That night we continued the "San Francisco Cliche" theme with a trip to the Stinking Rose. It was memorable only for the decor in the front room. The food was mediocre at best, but you already knew that, and so did we. It was still fun.
The next morning we stopped at the Dynamo Donuts kiosk at the Marina Green - a great way to enjoy a gorgeous morning. It's easy to get in and out (and to park) and the donuts and coffee cannot be beat. They have a few tables and chairs overlooking the water and a view of the Golden Gate Bridge beyond the trees.
We had Maple Bacon, Lemon Blueberry, Vanilla Bean and Spiced Chocolate - they were all delicious and they pull a gorgeous macchiato.
Next up was the Exploratorium - the science museum in its new location on the Embarcadero. It was expensive and crowded, but definitely worthwhile. Give yourself a few hours to make sure you can see it all, because you will have to wait for a turn at many of the exhibits. They had a fun little workshop for kids where they can build things with motors, etc. and an excellent gift shop with a lot of fun and smart kids toys. We had lunch in the cafe, which was expensive with long lines and lackluster food.
After spending most of the day there, we took the girls out to Golden Gate Park to one of my favorite places in San Francisco as a kid - the Japanese Tea Garden. They fell asleep in the car on the way there, but they were able to revive enough to enjoy walking around the beautiful gardens and have some tea in the pavilion overlooking the koi pond.
I felt pretty good about the fortune in my cookie.
It was quiet around there and they were closing up the tea pavilion since it was late in the day, but we were able to walk around the garden and take some pictures, etc. It's a really lovely, contemplative place - the perfect antidote to all the crowds and chaos we had been experiencing thus far.
We still had a little time to kill before dinner at the Beach House with friends on the Solstice, so we went over there and had drinks at their downstairs bar while the girls played in the park. The Beach House isn't exactly a pillar of grande cuisine - but it was a perfect spot for a fun group dinner to kick off summer.
The next morning we headed over the Golden Gate Bridge to the Muir Woods (after a stop for breakfast at Mel's Diner.)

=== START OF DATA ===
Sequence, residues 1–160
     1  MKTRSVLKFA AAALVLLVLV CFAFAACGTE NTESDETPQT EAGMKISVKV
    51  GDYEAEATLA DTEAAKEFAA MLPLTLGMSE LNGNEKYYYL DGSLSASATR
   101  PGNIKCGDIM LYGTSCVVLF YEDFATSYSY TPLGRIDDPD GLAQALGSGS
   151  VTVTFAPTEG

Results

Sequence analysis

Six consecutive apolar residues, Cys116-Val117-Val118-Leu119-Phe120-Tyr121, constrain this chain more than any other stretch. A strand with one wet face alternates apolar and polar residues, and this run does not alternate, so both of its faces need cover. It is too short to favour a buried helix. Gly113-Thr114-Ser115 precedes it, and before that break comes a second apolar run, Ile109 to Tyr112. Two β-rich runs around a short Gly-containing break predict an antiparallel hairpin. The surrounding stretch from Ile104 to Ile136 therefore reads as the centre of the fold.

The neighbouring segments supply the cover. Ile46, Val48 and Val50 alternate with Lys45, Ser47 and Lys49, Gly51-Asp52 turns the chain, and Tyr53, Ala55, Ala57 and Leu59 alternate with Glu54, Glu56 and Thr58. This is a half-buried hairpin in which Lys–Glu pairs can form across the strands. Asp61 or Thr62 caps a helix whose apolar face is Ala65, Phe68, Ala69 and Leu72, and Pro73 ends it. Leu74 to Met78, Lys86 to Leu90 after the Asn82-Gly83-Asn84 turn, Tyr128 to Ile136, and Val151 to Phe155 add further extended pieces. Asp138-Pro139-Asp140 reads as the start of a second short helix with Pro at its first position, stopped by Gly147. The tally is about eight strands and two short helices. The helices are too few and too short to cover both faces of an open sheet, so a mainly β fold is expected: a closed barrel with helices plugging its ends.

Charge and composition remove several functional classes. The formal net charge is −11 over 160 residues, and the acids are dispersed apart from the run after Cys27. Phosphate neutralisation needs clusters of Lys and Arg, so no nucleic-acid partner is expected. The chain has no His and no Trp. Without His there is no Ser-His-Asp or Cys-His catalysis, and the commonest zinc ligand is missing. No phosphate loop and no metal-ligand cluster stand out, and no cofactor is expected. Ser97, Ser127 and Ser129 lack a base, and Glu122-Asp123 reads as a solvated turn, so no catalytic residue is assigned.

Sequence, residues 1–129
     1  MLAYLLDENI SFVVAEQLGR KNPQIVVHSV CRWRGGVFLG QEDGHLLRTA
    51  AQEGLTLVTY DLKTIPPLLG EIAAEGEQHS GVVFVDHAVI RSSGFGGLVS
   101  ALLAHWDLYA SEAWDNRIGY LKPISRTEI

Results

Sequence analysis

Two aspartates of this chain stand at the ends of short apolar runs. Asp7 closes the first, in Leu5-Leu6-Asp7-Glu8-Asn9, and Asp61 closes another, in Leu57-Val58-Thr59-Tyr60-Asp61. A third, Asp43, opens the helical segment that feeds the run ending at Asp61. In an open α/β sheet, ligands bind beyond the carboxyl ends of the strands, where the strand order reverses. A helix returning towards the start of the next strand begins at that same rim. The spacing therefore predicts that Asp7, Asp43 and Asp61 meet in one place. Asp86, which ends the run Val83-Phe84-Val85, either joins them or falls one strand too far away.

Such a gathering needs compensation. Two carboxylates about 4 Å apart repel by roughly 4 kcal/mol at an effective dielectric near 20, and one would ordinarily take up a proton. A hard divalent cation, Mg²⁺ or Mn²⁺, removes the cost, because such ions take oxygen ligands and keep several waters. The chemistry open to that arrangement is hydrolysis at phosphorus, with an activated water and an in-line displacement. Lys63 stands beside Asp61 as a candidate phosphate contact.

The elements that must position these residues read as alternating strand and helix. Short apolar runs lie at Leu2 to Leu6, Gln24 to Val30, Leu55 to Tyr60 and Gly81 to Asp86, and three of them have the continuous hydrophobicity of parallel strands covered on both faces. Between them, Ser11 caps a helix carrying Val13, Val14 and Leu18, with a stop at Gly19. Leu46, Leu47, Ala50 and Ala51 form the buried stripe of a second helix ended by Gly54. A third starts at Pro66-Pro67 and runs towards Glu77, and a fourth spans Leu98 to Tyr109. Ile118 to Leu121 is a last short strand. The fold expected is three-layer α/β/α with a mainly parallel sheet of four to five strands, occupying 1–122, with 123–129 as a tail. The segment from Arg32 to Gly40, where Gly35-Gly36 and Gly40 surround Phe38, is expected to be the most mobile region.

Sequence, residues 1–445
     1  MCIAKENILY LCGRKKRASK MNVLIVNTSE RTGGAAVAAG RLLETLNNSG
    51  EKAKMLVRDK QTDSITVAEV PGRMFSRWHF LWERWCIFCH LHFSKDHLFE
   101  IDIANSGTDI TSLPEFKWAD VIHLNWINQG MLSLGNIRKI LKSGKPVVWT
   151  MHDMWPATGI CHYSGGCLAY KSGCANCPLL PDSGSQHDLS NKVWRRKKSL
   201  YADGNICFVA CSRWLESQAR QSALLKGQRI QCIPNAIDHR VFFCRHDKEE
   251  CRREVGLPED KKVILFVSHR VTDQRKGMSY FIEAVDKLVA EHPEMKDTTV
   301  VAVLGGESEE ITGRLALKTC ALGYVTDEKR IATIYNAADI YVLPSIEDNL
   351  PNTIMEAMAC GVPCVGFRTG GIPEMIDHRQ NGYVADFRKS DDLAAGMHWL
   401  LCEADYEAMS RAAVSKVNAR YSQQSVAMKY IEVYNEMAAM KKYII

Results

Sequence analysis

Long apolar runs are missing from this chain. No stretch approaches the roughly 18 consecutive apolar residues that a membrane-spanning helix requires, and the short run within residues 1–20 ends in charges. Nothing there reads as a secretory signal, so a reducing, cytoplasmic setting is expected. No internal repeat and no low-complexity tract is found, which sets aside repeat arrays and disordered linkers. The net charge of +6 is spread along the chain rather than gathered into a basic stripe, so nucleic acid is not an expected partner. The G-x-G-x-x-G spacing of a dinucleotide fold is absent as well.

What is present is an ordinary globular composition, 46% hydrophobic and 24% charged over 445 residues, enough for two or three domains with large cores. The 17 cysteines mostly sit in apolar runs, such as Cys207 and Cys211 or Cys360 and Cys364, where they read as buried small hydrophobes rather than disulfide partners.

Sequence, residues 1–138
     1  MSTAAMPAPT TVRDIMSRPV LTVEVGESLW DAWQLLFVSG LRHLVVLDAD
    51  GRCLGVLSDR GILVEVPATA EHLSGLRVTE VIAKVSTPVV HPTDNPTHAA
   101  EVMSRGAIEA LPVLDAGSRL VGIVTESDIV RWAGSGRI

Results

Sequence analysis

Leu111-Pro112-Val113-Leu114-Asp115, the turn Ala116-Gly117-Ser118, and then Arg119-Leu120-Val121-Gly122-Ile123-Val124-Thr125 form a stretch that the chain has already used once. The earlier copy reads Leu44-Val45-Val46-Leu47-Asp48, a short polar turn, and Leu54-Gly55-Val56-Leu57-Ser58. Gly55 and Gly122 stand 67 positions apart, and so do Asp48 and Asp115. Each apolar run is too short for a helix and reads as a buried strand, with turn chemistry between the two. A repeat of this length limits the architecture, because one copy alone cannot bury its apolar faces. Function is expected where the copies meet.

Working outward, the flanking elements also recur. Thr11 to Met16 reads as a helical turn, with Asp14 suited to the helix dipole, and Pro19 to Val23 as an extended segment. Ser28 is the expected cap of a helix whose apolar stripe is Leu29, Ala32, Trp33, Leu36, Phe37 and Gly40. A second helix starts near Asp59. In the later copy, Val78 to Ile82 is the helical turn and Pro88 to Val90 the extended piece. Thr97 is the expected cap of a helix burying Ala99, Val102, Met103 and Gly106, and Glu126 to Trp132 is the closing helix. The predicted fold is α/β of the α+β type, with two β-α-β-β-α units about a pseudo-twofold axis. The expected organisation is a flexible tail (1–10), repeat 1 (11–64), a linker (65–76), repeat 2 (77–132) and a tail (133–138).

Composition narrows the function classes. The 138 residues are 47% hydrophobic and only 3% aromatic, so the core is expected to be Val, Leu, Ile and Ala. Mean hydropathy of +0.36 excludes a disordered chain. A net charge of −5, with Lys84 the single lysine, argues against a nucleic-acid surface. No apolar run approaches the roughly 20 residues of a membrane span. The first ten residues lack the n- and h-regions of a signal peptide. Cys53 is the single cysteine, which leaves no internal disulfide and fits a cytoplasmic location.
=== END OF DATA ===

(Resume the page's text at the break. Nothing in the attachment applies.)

On the way back, we popped by the Divisadero Bi Rite Creamery - all the fun and flavors of the Mission location with zero line. Win win.
Dinner that night was at the Tonga Room. Yeah, don't do that. We knew better and we did it anyway, and paid the price. My parents took me here to the bar as a kid and I LOVED it, and I knew the girls would at least get a kick out of the rain storms, the paper umbrellas and the music, and I think they did, but the food was flat out awful. I ordered the cheapest thing on the menu in an effort to lessen the pain. It didn't work. At least James got to drink a cocktail out of a real pineapple.
We capped off the night with a cable car ride down to Embarcadero on the California line. We practically had it all to ourselves - and we almost had a tragic accident when Niece No. 2's glasses fell off and she tried to jump off to get them. I sprouted a few gray hairs on that one - thankfully our cable car operator was a nice guy and stopped so James could hold up traffic and retrieve them.
Our last stop on the way to the airport was Chinatown, so the girls could pick up some souvenirs and presents for friends and family - just like I did when I was a kid. They picked out a few trinkets and I wished we were driving home instead of flying, so I could buy some Chinese firecrackers.
People always say we're so nice to do things like this for our nieces, but really, it's as much fun for us as it is for them. Not only are they just awesome, well-behaved kids - it was amazing to watch them fall in love with the City - hanging off the cable car for the first time, taking in the breathtaking vistas from the hills, looking up at the massive redwoods in Muir Woods, talking about how they want to go to college there when they grow up. It's one of the best and most beautiful cities in the world, and I felt lucky to be able to show it to them.
Posted by Alice Q. Foodie on Friday, June 13, 2014
Monday, June 02, 2014
If I'm being honest, I have to admit I don't really have THAT much to say about Capri - mostly what I have, are lots of pictures. We were only there for a few hours, but I think I learned enough about it to warrant a blog post, even if it's mostly just telling you how much I want to go back and stay longer next time.